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Like A Bride (1993)

Cast: Claudette Maille, Angelica Aragon, Ernesto Laguardia, more...
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Rating: Not Rated
Studio: Desert Mountain
Genre: Foreign, Latin America, Mexico
Running Time: 115 min.
Languages: English, Spanish
Subtitles: English
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It may come as quite a surprise to people living elsewhere that Mexico (and Mexico City in particular) has a small but thriving Jewish community. In this story, set in the 1960s, the daughter of Ladino-speaking immigrants from Turkey is attempting to cope with their very conservative attitudes towards young women, and her own desires for her life. They believe that the only career for a girl is marriage, whereas she wants to be an artist, and doesn't care about being a bride. A compromise is briefly achieved when she announces her engagement to a Jewish boy who is a doctor, but the conflict resumes when she calls it off. Meanwhile, she has a friend who is the daughter of Eastern European Jews: her life is much freer, but she, too, is able to shock her parents. In her case, the shock is that she has become romantically involved with a gentile boy who is active in liberal political circles. ~ Clarke Fountain, All Movie Guide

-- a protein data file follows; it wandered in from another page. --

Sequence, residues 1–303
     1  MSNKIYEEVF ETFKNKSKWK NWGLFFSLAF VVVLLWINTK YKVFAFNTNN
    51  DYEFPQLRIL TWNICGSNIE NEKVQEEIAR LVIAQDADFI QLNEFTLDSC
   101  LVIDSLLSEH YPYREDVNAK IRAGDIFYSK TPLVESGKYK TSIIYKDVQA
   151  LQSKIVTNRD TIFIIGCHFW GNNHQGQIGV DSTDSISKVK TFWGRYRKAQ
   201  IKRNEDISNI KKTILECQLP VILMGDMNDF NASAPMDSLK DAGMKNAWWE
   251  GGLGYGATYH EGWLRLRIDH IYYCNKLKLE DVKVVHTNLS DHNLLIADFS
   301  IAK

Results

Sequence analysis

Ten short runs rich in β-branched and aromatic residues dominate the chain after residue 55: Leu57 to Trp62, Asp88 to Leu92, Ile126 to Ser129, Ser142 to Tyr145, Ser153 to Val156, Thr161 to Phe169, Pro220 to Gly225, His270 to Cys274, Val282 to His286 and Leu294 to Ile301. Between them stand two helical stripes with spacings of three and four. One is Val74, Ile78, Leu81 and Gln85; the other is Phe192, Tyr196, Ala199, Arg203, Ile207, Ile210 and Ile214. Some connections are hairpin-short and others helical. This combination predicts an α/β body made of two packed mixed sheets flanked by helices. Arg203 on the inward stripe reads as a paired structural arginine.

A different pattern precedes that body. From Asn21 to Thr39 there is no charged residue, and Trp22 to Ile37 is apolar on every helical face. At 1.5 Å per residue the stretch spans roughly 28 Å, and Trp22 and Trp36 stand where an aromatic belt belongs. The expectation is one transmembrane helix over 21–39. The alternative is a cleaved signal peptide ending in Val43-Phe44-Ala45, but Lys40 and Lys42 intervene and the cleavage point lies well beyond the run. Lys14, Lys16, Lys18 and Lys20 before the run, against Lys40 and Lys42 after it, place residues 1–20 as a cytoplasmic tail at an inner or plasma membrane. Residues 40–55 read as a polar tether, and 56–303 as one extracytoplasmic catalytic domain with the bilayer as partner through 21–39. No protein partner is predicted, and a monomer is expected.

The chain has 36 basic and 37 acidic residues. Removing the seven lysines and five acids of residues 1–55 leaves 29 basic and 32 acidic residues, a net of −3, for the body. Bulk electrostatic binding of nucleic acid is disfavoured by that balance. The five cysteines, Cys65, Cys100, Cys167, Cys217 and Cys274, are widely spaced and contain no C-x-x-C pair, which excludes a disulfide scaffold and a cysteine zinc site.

GreenCine Member Reviews

An interesting film about Mexican of Jewish descent. by jaimiguel2005 September 20, 2006 - 11:50 PM PDT
At times I regretted my decision not to turn on the English subtitles while I watched this film. Most of it is in the Mexican Sanish that I'm used to hearing, but often there are short scenes in which Ladino is being spoken. Ladino is Spanish as it was (and is) spoken by Sephardic Jews who were forced out of Spain 5 centuries ago. If you speak modern Spanish, you'll understand most of it, but it will require a lot of concentration.
The character who narrates the film is a Mexican-born girl of Turkish-Ladino parents. Her friend is also born in Mexico to Jewish immigrants from Poland.

As might be expected, much of the movie is about how they deal with their bicultural identity as Mexicans of Jewish heritage. One girl became an expert in pre-Columbian Mexican art. She even learned to speak Nahuatl, thus becoming more "Mexican" than most of her compatriots.

GreenCine Member Rating

(Average 7.00)
2 Votes
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